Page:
Quantitative research applies scientific methods to investigate the empirical relationships between different phenomena. It studies numerical data in a formal, systemic and objective manner to understand such relationships. The objective is to determine the relationship between an independent variable and a dependent/outcome variable. Measurement is important in turning empirical observations into mathematical expressions. Mathematical theories, hypotheses and models are then used to explain the outcome. Quantitative research questions are designed to quantify relationships between variables like height, volume, speed and time. The design of the questions is very objective. The questions are designed to be deductive hence tend to test a given theory. They produce results that can be generalized. The results are in the form of numbers or data that can be easily converted into numbers.
Quantitative research studies can be broadly classified as descriptive or experimental (Hopkins, 2000). There can also be categorization as quasi-experimental and causal studies. Descriptive questions can only reveal associations between variables while experimental studies go on to establish causality. Descriptive questions usually test the subject once. Their aim is to highlight the nature of relationship between two different variables. They are observational in nature and the person conducting the experiment does not interfere with the subject. The simplest form of a descriptive study is the case study. Here the questions are aimed at generating data on only one subject. Descriptive questions capturing several cases constitute a case series. Quantitative research questions are also used to study several variables of interest in a sample of subjects once to determine the relationships between them in cross-sectional studies.
Another form of descriptive studies is the case-control study. Here the quantitative research questions are designed to compare cases (subjects with a particular attribute, such as lung disease) with controls (subjects without that attribute). Comparisons are then made concerning exposure to a suspected causative agent, for example in this case- cigarette smoke. Such studies aim to determine situations in the past that may be responsible for making the subjects to become cases instead of controls. This is why they are also known as retrospective studies.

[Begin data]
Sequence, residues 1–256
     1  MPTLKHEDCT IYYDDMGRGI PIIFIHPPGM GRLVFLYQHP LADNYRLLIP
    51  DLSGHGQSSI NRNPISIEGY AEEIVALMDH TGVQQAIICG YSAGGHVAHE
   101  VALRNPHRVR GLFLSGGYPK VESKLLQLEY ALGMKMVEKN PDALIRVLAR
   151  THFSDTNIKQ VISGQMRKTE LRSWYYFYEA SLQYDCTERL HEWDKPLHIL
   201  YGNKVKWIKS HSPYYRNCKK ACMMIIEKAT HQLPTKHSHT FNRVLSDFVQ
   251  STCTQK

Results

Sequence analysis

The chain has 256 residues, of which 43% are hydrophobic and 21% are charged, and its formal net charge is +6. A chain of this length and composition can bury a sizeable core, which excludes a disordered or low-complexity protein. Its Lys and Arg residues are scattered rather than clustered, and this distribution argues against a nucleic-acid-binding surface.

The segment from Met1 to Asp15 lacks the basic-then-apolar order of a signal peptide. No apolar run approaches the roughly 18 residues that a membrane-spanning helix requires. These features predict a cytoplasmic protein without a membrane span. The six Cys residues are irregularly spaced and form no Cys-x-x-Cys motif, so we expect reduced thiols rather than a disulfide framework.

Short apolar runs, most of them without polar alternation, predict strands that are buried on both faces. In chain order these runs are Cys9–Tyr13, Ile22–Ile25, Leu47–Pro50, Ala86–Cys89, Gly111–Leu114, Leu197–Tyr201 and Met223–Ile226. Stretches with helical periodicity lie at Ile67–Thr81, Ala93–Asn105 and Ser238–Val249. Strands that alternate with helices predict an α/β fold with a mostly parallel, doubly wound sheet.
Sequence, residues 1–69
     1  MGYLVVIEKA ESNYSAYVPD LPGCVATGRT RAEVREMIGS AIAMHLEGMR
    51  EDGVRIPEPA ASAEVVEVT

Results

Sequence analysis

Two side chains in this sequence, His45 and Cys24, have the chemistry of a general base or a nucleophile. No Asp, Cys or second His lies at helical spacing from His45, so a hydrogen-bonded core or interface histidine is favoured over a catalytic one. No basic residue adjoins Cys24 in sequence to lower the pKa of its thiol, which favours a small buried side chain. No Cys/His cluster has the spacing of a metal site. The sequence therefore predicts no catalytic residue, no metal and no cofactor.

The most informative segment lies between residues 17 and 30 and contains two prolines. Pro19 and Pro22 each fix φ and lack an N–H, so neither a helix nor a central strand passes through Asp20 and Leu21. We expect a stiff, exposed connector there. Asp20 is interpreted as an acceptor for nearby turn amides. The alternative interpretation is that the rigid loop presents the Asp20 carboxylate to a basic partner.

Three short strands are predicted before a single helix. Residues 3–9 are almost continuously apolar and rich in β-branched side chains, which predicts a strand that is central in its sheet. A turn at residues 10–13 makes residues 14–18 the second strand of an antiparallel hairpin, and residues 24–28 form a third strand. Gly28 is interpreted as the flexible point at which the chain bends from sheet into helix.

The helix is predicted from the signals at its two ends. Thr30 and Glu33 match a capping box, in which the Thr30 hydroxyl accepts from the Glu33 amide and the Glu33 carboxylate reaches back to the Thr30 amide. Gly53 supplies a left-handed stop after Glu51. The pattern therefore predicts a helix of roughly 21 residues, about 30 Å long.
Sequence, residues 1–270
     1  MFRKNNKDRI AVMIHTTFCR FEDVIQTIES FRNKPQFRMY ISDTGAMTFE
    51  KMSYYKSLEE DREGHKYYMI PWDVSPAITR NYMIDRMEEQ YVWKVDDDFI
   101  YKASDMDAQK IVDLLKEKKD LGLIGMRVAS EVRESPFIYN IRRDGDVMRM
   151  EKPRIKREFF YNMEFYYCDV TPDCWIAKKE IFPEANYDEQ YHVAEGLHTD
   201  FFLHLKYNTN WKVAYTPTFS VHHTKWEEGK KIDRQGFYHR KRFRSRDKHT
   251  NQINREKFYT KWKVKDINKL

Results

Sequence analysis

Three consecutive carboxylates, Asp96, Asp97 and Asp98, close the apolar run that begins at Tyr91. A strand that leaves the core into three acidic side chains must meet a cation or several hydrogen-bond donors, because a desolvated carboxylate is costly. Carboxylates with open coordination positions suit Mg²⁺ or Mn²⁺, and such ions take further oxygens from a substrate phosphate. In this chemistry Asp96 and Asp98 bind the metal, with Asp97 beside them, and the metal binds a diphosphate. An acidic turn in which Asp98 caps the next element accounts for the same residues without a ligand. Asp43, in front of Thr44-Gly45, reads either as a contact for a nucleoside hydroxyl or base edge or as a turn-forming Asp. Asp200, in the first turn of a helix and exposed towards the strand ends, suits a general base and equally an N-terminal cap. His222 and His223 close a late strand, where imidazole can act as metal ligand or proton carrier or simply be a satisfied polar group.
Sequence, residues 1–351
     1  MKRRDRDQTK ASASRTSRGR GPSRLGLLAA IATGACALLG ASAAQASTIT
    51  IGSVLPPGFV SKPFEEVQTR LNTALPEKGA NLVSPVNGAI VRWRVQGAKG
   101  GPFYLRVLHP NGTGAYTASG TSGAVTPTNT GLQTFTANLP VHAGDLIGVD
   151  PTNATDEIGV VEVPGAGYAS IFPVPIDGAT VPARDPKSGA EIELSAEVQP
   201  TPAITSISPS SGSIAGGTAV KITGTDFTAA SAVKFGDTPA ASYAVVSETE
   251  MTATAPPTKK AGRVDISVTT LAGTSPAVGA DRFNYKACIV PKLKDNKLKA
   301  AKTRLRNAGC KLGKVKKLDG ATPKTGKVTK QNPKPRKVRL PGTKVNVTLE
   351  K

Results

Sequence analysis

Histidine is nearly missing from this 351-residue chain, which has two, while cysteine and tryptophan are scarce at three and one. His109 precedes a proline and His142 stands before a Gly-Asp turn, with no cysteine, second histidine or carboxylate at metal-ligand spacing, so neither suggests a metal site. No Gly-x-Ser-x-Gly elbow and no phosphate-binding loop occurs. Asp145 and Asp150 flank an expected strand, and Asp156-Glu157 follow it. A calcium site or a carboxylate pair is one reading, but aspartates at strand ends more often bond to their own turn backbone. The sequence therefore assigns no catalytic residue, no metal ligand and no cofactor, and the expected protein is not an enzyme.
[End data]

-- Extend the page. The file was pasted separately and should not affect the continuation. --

Quantitative research questions used in experimental studies are designed to produce a continuous flow of data during the research period. Such studies employ repeated measures and involve more than just observation of the subject. The researcher manipulates the subjects in particular ways and records the changes in the variables to be studied. The researcher can introduce several control aspects into the experiment and also allocate the subjects to different experimental groups in a random manner (Hopkins, 2000). The simplest form is the time series, where measurements are taken repeatedly before and after manipulation on one or several subjects. The best results are seen in the randomized control test in which the quantitative research questions are designed in such a way that the subjects do not know which experimental group they belong to and thus cannot manipulate the result. Such a model will also protect against the researcher being compromised into prejudiced interpretation.
Quantitative research questions ought to be designed while taking into consideration the ethical issues that may arise. Furthermore they should facilitate cooperation from the subjects. The questions will determine the quality of the results obtained and therefore should be precise but thorough. The researcher should design the questions in such a way that he/she does not pre-empt a certain outcome. The questions should also eliminate problems that may arise such as confounding results.